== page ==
I met my best friend Sarah the day I put my whole life into her hands.
In Fall 2014, I loaded up everything I deemed worth bringing – the pictures and the twinkle lights and the high school keepsakes – into my parents’ Honda Odyssey and drove south. The front steps of my dorm were crowded with the early move-in team, who’d been there three days and seemed to be astonishingly well-adjusted. Sarah waited with them, equally terrifying and exciting me with a peppy unloading process that led to everything I owned being tossed into strangers’ eager hands.
I joke that Sarah moved me in to college that day and never left my life, but that’s exactly what happened. She was so ready to embrace college, and I couldn’t help but get swept up in the way she loved life. I’d tiptoed through high school with more caution and insecurity than I would have liked, and Sarah challenged me on that. I felt myself start to reach for what I wanted, to take risks and tell people how I really felt, at her encouragement. Her raspy laugh became one of my favorite sounds; we floated effortlessly from hyper, senseless inside jokes to deep, serious secrets we never would have said aloud to anyone else.
We had a great time that first year unlocking the weird – and I mean weird – sides of each other, but the rich, reflective conversations we have are what always stand out most in my mind. We generated a language of our own – over margaritas, on our cheap futons and on the steps of Catfish pizza – that opened up a place I can always safely return to. One fated Instagram comment of hers on a particularly vulnerable post of mine – #truebutwhatsup – became our way to insist that we were there for each other. We started throwing the phrase at one another jokingly, but also when it was clear that there was something one of us was struggling with and not elaborating on.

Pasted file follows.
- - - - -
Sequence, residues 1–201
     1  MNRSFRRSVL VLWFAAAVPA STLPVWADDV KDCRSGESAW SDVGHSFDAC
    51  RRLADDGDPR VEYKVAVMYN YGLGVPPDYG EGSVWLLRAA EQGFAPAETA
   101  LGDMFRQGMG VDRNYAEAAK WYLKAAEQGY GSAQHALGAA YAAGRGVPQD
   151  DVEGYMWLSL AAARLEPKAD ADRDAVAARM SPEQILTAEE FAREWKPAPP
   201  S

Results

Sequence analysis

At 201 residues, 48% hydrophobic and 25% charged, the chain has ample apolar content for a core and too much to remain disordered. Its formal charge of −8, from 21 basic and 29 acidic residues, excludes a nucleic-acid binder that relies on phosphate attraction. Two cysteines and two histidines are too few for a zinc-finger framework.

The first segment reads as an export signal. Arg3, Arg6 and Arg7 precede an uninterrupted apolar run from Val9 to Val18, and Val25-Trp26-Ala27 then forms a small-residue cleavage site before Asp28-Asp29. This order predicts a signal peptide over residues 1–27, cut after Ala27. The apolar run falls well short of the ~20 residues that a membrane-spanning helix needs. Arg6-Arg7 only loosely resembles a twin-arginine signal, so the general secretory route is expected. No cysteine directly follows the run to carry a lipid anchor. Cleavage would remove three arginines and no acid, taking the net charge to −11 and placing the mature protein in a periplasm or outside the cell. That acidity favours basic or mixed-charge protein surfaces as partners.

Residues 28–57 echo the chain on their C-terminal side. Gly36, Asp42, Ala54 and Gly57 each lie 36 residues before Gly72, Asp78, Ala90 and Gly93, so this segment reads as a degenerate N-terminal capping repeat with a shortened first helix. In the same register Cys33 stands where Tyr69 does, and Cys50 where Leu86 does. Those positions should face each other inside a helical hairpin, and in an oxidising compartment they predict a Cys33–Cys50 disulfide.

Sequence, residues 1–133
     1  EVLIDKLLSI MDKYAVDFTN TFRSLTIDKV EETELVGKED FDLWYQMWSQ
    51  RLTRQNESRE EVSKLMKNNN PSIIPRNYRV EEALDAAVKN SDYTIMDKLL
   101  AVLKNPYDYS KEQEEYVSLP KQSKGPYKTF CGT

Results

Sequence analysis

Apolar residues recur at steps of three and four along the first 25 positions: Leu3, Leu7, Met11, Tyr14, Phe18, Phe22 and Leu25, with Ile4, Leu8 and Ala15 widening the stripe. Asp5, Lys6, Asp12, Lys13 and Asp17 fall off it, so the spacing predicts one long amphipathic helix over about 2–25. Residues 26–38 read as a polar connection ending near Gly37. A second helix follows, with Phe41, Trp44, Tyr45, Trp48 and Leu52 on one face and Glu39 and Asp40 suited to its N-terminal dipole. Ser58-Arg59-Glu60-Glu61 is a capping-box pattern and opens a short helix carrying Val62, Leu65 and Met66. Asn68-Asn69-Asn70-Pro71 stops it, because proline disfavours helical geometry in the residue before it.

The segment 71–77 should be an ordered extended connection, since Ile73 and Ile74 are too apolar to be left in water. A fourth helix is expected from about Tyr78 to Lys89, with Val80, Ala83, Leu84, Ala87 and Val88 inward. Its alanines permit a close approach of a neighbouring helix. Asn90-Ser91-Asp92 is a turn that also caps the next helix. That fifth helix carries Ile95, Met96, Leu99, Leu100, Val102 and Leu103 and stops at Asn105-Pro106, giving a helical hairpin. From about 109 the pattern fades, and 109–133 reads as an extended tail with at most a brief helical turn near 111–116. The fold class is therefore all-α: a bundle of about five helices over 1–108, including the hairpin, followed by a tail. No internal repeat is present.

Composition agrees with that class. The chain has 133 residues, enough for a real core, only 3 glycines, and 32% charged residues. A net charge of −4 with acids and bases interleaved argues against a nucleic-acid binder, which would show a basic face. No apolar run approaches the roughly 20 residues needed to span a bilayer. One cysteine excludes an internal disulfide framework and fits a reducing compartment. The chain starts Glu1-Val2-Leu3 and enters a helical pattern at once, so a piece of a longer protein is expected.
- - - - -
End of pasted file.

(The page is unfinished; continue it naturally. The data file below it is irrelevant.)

Our problems grew bigger than the freshman year worries of date parties and extracurricular applications. We grew too, together, strong enough to take them on. Grief and anxiety and heartbreak showed up for each of us, uninvited and threatening to steal our happiness, but we had refuge in our long, satisfying heart-to-hearts. Her listening ear and insistent validation made even the emptiest moments bearable. She knew what it meant to show up for someone; to just be there in a way that gets lost in an era of removed electronic intimacy. I once came home to a candlelight lean cuisine dinner on Valentine’s Day the week I lost my grandfather, and I laughed through so many stinging tears on her couch my senior year.
True to her vibrant, adventurous core, Sarah moved to New York a few weeks after we graduated. New York brought out her freshman year self all over again – the city was just another, bigger campus to explore and make her own. Frat parties had turned into rooftop bars and the library into The Met, but her same craving for life still drove everything she did.
When I visited her the fall after graduation, we fell right back into the business of unintentionally making moments that became larger than life. Walking arm in arm, our words came fast and easy as we made up for a summer apart. The place we built freshman year was still there, effortless and spacious enough to hold the thrilling uncertainties of being twenty two. Lush rooftop patios, a hundred-year-old Victorian bar and a rowboat in Central Park became the backdrops to the same rambling life talks we used to have stretched out on the Oval on Friday afternoons.
I remember more than once wanting to slow everything down, to savor the feeling of standing under the blinding, absurdly big screens of Times Square and feeling totally at home with her by my side. A few cocktails the last night of my visit were enough to send us quite literally dancing home in the streets, laughing breathlessly at how ridiculous we must have looked to the passing traffic. We’d always had a way of floating over the rest of the people around us like that, untouchable and slap-happy and sentimental all at once.
Before I knew it, it was time to fly home and she was hugging me and pushing me into an Uber bound for the airport. Leaving her never gets easier, but the place we’ve built with hours upon hours of walking and talking and laughing will always be there. I turned back to look at the surreal canvas of lights and latticed bridges behind me, expecting to feel sad, but overwhelmingly I felt grateful. Sarah was back in there somewhere, with all the same memories only the two of us could explain, and I was headed home newly inspired to keep on diving into life with the same exuberance she did. Before I could even finish my “thanks for having me” text, she’d already wished me a safe flight. Looking out my window seat, I took in the skyline that became my best friend’s new home and smiled. I couldn’t wait to see what we’d get into next both on our own and together.